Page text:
Hotwire Discussion

Flash messages with Turbo

A simple controller that redirects to a path with a flash message works in a traditional rails app because usually there is a part in the app layout that renders flash messages.

However, when used with Turbo frames, flash messages are not shown during a frame controlled redirect as they are not part of the returning frame.

To fix this, I’ve wrapped my flash render view in a turbo frame called :notifications and in the action I use a turbo_stream.erb to send 2 streams down the client: one for the actions main response and a second one just to replace the :notifications frame, so the flash messages are shown.

Using this approach shows the flash message at the right time, but also repeats them on the next full refresh.

I was wondering if there is a “correct” way to deal with flash messages in Hotwire which I am completely missing out.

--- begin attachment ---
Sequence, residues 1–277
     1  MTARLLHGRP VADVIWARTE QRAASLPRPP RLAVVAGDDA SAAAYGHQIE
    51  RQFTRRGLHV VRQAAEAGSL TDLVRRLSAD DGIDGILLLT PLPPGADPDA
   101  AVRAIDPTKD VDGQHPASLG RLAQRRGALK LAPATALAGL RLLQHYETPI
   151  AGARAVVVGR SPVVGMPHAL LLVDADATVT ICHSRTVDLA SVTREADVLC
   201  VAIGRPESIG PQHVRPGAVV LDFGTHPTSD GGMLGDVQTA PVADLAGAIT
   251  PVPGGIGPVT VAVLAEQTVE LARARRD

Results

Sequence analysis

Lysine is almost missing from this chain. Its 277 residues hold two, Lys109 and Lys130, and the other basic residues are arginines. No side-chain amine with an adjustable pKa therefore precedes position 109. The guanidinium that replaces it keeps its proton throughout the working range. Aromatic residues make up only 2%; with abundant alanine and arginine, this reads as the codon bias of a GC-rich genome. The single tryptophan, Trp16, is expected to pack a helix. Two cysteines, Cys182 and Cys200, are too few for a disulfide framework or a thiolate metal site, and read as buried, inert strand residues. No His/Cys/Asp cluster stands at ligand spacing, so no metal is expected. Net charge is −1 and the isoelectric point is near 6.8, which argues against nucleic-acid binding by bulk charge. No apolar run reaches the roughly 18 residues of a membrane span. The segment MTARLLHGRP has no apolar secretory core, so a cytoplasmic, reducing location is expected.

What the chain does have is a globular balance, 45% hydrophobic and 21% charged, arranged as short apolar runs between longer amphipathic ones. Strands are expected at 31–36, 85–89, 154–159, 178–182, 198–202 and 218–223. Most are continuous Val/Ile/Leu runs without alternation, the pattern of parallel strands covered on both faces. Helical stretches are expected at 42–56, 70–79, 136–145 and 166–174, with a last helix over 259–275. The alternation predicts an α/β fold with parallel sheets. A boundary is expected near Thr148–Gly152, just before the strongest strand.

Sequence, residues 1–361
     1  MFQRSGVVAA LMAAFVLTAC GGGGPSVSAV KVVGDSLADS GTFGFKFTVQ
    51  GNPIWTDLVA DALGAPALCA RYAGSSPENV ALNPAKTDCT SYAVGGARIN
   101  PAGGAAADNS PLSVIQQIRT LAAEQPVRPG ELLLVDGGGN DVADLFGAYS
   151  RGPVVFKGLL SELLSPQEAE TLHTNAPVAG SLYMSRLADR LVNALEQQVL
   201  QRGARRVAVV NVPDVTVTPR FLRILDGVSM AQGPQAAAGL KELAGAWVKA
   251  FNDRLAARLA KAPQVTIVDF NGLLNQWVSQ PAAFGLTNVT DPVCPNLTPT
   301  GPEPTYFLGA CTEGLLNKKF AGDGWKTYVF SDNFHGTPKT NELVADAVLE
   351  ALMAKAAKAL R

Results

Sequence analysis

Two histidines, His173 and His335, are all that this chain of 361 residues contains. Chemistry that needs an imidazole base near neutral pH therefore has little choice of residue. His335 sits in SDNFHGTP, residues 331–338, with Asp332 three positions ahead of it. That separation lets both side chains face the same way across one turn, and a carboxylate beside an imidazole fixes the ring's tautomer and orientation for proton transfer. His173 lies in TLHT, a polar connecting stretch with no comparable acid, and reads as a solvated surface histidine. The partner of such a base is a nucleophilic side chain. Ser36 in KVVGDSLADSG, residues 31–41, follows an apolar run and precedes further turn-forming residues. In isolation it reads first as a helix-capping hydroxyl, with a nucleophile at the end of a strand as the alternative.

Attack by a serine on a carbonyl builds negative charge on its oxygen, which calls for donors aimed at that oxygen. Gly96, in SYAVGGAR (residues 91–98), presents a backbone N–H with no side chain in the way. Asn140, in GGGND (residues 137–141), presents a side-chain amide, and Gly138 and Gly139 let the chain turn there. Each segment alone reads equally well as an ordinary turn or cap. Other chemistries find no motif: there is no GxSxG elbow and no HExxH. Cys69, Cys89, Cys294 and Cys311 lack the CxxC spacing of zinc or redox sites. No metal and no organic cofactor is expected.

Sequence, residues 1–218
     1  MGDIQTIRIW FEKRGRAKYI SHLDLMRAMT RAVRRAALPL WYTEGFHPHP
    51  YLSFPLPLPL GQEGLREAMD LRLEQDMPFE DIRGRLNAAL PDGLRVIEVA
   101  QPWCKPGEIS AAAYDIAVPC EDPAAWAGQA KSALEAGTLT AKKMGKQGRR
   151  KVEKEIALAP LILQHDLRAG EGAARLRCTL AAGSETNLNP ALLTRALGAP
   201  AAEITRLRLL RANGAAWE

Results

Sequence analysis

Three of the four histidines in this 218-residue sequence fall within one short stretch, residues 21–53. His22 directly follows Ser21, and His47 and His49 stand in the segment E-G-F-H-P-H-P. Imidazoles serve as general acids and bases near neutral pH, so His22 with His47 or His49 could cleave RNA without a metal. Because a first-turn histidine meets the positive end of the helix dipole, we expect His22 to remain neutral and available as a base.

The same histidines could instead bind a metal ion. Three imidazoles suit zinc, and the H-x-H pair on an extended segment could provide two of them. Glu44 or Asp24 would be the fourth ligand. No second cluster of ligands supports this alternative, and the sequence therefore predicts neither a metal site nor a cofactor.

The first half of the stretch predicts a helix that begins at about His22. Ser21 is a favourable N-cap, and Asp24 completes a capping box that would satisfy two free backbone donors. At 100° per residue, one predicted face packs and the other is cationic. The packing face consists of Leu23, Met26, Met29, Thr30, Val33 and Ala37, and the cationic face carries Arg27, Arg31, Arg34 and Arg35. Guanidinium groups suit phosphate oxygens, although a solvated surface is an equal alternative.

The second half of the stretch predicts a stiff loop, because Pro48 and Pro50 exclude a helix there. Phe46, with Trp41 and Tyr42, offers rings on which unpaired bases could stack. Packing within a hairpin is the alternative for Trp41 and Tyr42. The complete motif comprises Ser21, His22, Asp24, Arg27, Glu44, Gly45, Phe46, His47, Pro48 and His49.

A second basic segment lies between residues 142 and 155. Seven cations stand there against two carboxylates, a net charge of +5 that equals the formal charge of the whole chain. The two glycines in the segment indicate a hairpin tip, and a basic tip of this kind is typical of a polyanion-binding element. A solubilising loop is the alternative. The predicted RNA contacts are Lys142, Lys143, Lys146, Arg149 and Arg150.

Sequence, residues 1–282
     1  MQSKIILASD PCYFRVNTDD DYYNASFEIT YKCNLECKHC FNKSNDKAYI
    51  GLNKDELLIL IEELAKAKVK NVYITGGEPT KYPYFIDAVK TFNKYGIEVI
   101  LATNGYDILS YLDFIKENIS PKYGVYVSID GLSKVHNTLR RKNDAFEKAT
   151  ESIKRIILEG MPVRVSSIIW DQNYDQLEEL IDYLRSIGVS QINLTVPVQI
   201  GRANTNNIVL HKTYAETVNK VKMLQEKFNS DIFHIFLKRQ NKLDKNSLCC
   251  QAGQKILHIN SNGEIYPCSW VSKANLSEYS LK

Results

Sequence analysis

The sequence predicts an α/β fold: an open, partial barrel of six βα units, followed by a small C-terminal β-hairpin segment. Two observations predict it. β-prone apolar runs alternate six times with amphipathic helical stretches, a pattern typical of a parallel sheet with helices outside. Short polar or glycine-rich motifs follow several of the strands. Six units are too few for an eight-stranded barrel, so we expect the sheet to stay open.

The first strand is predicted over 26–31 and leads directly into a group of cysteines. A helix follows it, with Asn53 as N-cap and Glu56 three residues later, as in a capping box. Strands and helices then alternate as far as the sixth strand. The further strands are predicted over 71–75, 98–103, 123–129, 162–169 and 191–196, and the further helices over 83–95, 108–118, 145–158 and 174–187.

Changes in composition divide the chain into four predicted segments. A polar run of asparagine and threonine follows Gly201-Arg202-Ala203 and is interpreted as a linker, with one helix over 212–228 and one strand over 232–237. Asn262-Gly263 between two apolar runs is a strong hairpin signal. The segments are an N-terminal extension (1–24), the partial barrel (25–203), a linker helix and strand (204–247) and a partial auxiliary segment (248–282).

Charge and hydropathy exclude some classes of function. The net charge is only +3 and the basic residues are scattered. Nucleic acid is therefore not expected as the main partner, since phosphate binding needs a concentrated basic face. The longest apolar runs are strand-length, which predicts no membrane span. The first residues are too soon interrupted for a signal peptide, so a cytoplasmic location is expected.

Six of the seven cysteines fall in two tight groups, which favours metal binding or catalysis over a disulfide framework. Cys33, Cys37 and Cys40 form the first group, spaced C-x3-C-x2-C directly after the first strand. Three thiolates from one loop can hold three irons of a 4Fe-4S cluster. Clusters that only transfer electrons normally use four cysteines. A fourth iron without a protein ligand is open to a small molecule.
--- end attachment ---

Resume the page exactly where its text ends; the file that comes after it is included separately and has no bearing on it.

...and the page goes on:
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Are you looking for Flash#now?

BTW, you may be interested in this post by Bram Jetten.

Flash messages with Hotwire and Turbo Streams

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Thanks for sharing that. This is what I ended up doing, however I’m trying to find an elegant solution when the action needs to stream a partial to the client itself too. In cases like that, the format.turbo_stream can only send one turbo stream down from the action. To send more than one (the main one and the flash one) together, we need to move the payload to a turbo_stream.erb file and include the flash stream there every time.

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I’m not quite following.

However, when used with Turbo frames, flash messages are not shown during a frame controlled redirect as they are not part of the returning frame.

With a “frame controlled redirect”, are you saying the frame is redirected to additional content, but only display in the frame or it redirects the entire page?

So let’s say you want to redirect to a page after a certain operation is done in your action. In a normal Rails setup, you’d do that with a redirect_to. In such scenario, if you want to show a flash message, you then add a flash in the action too.